About 90 percent of the honeybees in a hive are female worker bees, Rusnak said, while only 10 percent are male drones. And the worker bees are the ones responsible for pollination, because they are the ones that leave the hive to collect pollen and nectar.

(Click and drag your mouse to explore all angles of the beehive. Note: 360-degree experience may not work on all browsers)

Worker bees live only about six weeks during the summer months, but in their short lives they travel a distance equal to approximately 1.5 times the circumference of Earth, according to the American Beekeeping Federation

The short lifespan for the honeybees is related to their workload. “Their wings wear out and they just don’t come home,” Rusnak said.

And while a hive of bees can produce about 60 pounds of honey for every 1 pound of beeswax, the actual output for each bee is shockingly small. Each worker bee makes about 6 drops of honey in its lifetime, and of that 3 drops is consumed, Rusnak said.

How to Help the Bees

Closeup of bees.

(Photo by Chad Merda)

Bees have garnered headlines the past few years because their population has been declining, due to a phenomenon called colony collapse disorder, or CCD, which was initially identified in 2006. According to the U.S. Department of Agriculture, colony collapse disorder is defined as a dead colony that has no living adult bees but still has a live queen bee as well as immature bees and honey. Since 2010, the number of hives lost to CCD has declined, but the bee population continues to face many threats, including diseases; pests and parasites; exposure to pesticides; and poor nutrition. 

You can do your part to help the bee population flourish by taking a few simple steps in your own yard and garden:

  1. The Chicago Botanic Garden recommends planting a variety of plants and flowers, focusing on species native to northern Illinois, including Joe Pye weed, purple coneflower and black-eyed Susan.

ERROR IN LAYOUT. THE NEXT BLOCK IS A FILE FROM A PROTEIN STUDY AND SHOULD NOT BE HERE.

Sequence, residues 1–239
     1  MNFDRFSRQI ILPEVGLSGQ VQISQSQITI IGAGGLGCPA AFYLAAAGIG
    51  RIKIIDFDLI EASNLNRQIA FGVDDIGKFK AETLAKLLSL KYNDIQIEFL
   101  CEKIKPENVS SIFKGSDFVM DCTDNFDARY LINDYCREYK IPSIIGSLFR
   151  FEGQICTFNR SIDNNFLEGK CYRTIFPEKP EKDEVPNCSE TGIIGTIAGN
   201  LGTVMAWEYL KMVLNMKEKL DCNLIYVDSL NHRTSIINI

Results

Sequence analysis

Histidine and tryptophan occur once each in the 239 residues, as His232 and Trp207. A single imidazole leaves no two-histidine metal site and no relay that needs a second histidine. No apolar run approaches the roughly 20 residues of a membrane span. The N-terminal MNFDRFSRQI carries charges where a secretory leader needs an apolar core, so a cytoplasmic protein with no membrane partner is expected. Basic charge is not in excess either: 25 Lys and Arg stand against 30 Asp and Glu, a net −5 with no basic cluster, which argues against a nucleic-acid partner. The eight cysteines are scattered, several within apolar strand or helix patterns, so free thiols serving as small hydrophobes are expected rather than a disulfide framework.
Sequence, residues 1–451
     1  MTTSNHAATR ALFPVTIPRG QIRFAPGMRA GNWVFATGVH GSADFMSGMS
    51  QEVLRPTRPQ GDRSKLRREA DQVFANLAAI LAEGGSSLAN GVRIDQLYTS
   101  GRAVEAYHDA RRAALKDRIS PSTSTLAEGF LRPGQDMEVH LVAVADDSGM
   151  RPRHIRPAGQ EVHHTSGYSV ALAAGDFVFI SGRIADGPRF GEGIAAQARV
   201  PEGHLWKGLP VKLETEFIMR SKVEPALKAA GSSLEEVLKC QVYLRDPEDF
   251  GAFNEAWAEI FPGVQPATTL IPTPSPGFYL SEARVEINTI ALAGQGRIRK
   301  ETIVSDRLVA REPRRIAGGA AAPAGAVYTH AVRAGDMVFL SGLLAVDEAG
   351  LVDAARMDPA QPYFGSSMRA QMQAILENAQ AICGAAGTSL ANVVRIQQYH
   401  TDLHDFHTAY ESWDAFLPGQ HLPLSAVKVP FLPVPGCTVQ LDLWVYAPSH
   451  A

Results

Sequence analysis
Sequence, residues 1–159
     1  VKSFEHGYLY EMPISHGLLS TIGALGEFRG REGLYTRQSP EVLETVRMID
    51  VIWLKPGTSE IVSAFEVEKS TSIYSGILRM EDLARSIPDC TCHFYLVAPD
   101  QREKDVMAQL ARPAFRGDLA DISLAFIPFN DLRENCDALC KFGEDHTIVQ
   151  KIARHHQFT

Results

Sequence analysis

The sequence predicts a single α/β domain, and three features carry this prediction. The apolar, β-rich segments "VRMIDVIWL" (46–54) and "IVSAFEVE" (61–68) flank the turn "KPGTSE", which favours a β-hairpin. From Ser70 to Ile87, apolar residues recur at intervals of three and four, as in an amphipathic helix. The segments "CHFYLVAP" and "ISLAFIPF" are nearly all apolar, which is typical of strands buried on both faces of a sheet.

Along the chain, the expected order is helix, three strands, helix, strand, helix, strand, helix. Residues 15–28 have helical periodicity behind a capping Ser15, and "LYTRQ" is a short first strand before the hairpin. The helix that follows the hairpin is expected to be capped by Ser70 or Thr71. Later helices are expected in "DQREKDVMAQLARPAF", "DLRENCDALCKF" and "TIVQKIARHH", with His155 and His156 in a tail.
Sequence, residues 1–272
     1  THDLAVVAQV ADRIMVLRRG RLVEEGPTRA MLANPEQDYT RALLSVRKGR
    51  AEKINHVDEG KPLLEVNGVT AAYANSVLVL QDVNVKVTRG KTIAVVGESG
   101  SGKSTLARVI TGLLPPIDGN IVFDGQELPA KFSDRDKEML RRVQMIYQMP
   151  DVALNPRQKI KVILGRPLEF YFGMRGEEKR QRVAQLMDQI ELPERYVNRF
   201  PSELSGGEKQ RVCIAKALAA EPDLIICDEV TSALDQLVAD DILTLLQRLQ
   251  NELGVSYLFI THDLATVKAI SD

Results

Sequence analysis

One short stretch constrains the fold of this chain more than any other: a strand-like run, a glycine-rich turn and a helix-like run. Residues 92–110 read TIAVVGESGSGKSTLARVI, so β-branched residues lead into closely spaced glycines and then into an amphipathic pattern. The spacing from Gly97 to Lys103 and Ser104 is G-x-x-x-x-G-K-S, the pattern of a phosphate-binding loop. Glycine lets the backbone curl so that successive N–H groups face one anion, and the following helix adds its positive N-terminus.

2. Leave part of your garden untilled and keep some broken tree branches in your yard. Both provide nesting materials and, ultimately, shelter for the bees. 
  3. Limit the use of pesticides to encourage a healthy bee habitat.

And, under most circumstances, you don’t need to fear bees or the potential for bee stings. Among most bee species, it’s only the females that have the stingers – and they don’t want to sting you, Rusnak said. A bee that stings faces certain death, so it’s something they avoid. Rusnak explained that he’s been stung many times through his beekeeping work, but that’s because it sometimes requires him to be in the hive, which agitates the bees. Otherwise though, he often enjoys just sitting back and watching the buzzing hive in action without fear of being stung.

Meet the Beekeeper

A bee on Virginia bluebells..

(Photo by Glenn P. Knoblock)

Rusnak has been a beekeeper for about 15 years and has 36 hives in Will County and throughout Illinois. He regularly hosts “Meet a Beekeeper” programs at Plum Creek Nature Center. 

He said the programs are informal, and provide an opportunity for people to observe the hive at Plum Creek and ask questions of an experienced beekeeper. “Come on in and ask every question under the sun,” he said, encouraging people interested in attending one of the programs.

Many who attend are interested in getting started in beekeeping or are beginning beekeepers, but Rusnak said it’s a family-friendly event. Kids are encouraged to attend and ask questions, and those youngsters who are able to find the queen in the hive can visit the front desk for a sticker for their efforts. 


Lead image via Shutterstock